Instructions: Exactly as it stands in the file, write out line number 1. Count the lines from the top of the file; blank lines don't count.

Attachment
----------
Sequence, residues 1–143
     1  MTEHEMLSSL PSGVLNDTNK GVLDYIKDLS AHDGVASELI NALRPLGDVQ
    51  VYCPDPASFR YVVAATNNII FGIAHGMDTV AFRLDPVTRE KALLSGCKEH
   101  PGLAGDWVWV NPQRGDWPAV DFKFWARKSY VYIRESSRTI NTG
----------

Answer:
Sequence, residues 1–143